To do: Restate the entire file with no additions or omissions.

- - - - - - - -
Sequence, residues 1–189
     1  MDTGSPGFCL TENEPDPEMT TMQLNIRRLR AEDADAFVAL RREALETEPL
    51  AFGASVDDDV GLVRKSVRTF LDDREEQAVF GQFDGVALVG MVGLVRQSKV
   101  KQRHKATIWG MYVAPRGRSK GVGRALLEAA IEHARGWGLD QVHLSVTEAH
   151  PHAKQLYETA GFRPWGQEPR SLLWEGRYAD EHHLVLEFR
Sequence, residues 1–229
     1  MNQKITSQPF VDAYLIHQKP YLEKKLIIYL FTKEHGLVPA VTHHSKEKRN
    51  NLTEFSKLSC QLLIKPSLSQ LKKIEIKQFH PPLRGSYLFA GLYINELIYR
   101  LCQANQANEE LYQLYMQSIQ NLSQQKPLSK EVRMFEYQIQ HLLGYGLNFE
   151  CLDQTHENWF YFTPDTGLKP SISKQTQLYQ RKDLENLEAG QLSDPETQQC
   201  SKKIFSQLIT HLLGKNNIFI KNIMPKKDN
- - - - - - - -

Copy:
Sequence, residues 1–189
     1  MDTGSPGFCL TENEPDPEMT TMQLNIRRLR AEDADAFVAL RREALETEPL
    51  AFGASVDDDV GLVRKSVRTF LDDREEQAVF GQFDGVALVG MVGLVRQSKV
   101  KQRHKATIWG MYVAPRGRSK GVGRALLEAA IEHARGWGLD QVHLSVTEAH
   151  PHAKQLYETA GFRPWGQEPR SLLWEGRYAD EHHLVLEFR
Sequence, residues 1–229
     1  MNQKITSQPF VDAYLIHQKP YLEKKLIIYL FTKEHGLVPA VTHHSKEKRN
    51  NLTEFSKLSC QLLIKPSLSQ LKKIEIKQFH PPLRGSYLFA GLYINELIYR
   101  LCQANQANEE LYQLYMQSIQ NLSQQKPLSK EVRMFEYQIQ HLLGYGLNFE
   151  CLDQTHENWF YFTPDTGLKP SISKQTQLYQ RKDLENLEAG QLSDPETQQC
   201  SKKIFSQLIT HLLGKNNIFI KNIMPKKDN